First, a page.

The single most important guideline to keeping adult chickens warm in winter is by providing a solid draft-free shelter. Chickens are not able to stay outside at night in freezing weather so they must have a suitable henhouse or coop that stays dry and free of drafts. A good layer of straw or shavings on the ground will make a nice insulated layer to walk on. Any open or chicken-wire windows need to be covered with plexiglass or heavy clear plastic to stop the draft, but not the light.
The chickens should also have a place to roost off the ground. The roost should only be made of wood, not metal or plastic, so their feet can stay warm while roosting. And they should be provided with unfrozen water at all times, preferably with a heater in the water or under the waterer to keep the temperature just above freezing. A good commercial layer feed should provide them with the energy they need to maintain their body temperatures. Some people increase the content of fat in the feed during the winter. A handful or two of black-oil sunflower seeds would serve this purpose.
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In the coldest of weather they will huddle together, fluff out their feathers, tuck their heads under their wings, and this is sufficient, even when it is below freezing in the coop. The only one who may suffer is the rooster if he has a large comb. A comb is subject to frostbite. He may lose his comb but this does not usually cause a future problem; it is just unsightly as there will be a partial comb remaining, outlined in black. The best way to avoid this is to only keep roosters from breeds that have combs flat to the head if you live in a very cold climate.
Don’t put your chickens in a heated room. This can actually be very dangerous for them as there is a bigger contrast between inside and outside temperatures. Also, bacteria that normally would be kept down by the cold can flourish in the moist heat possibly leading to lung problems. If there is to be a really unusual cold snap, a heat lamp can be put in the coop to keep the ambient temperature closer to freezing, but do not warm up the coop.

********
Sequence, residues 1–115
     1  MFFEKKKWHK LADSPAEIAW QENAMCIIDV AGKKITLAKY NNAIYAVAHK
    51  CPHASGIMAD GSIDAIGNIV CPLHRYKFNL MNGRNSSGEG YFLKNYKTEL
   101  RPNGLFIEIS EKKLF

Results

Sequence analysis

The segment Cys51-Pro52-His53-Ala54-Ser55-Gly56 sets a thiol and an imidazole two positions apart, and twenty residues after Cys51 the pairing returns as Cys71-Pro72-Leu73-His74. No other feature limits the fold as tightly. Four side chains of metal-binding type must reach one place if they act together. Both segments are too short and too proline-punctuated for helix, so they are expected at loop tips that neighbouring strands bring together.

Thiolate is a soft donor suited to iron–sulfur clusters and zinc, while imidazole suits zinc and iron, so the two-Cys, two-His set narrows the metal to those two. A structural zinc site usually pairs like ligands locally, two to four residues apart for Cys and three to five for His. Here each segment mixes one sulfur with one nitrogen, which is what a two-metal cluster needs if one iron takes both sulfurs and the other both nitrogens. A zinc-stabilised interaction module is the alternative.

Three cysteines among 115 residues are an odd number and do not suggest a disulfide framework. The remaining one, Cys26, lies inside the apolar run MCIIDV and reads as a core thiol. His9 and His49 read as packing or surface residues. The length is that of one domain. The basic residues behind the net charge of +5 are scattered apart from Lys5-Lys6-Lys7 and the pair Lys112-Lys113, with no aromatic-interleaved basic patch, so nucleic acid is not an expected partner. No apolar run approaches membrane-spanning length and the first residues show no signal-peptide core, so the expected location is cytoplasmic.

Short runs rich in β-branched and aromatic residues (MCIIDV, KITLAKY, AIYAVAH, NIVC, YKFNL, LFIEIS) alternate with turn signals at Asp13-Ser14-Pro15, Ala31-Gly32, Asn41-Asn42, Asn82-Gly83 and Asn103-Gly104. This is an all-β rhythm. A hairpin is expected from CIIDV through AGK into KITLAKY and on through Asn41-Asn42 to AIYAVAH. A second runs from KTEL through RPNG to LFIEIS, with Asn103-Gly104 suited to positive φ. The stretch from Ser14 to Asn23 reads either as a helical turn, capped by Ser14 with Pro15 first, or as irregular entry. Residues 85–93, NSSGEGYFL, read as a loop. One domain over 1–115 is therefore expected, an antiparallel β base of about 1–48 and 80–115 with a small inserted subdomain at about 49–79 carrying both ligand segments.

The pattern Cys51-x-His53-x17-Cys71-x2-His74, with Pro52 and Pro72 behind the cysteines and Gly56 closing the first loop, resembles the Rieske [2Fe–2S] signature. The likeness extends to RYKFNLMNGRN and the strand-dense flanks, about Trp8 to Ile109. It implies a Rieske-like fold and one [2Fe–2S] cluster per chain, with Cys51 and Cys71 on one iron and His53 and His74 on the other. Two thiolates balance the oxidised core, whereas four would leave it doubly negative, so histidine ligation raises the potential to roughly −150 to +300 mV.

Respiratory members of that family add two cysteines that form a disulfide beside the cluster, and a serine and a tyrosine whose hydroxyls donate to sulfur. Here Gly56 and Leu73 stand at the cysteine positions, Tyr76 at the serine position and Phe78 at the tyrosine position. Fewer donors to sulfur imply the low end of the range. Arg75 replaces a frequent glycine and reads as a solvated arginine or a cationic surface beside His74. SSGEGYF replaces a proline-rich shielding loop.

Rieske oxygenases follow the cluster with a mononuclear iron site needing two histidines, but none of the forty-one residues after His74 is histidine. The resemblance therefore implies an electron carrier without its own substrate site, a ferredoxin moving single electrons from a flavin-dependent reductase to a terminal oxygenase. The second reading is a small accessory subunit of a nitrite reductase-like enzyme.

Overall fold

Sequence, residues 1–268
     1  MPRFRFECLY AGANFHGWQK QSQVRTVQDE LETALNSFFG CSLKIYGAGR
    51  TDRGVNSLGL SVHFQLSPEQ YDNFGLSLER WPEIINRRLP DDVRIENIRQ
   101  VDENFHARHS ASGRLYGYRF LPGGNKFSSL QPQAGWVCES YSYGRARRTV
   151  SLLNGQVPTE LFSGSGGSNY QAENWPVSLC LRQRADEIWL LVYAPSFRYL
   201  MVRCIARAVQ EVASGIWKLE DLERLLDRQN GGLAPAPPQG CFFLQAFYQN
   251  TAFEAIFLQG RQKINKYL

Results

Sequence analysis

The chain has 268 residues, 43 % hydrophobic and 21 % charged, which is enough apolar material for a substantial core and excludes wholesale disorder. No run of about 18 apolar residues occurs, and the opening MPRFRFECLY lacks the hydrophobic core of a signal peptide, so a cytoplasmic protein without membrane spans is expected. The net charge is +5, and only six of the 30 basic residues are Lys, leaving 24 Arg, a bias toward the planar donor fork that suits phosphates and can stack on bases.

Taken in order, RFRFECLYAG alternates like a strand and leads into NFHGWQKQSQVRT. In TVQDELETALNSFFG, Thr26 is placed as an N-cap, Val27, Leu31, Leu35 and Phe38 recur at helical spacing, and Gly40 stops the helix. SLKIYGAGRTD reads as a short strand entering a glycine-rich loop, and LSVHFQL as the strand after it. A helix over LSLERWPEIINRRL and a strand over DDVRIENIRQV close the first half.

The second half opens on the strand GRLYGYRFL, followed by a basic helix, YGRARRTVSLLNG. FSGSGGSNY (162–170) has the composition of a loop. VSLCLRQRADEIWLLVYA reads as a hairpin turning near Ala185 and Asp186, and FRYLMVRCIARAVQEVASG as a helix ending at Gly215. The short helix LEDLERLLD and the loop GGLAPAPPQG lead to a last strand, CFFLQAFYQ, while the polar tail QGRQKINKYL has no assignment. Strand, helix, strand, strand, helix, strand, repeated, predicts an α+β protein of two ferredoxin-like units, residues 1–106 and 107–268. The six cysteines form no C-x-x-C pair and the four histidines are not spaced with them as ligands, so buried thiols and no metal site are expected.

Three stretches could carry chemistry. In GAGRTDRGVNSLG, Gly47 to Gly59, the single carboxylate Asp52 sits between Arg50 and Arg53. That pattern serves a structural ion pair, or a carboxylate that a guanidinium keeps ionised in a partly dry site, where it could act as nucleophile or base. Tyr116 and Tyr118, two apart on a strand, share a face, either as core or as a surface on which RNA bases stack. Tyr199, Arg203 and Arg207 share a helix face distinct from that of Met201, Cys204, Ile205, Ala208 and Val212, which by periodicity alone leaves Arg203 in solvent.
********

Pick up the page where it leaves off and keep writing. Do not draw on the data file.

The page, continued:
Most hens naturally decrease or stop egg production all together in the winter, but a few breeds have been bred for winter laying. If the weather is cold you will need to pick eggs more frequently, maybe two or three times a day. In a real cold snap, the eggs may still freeze and break if you don’t retrieve them immediately after being laid.
An exception to all of this is if you are brooding chicks. They must be kept completely protected from all drafts with a solid barrier surrounding them, and protected from the cold, usually by way of a heat lamp directly over them. They will tell you if they are too warm or too cold by their behavior: too warm and they stay away from the lamp, too cold and they huddle together under it, just right and they are randomly placed around the brooder. If you don’t have air-tight facilities to maintain heat for baby chicks then it is just better to avoid raising them during the winter.
For more information on care, breeds and diseases of chickens please check out my Chicken Coop zone.
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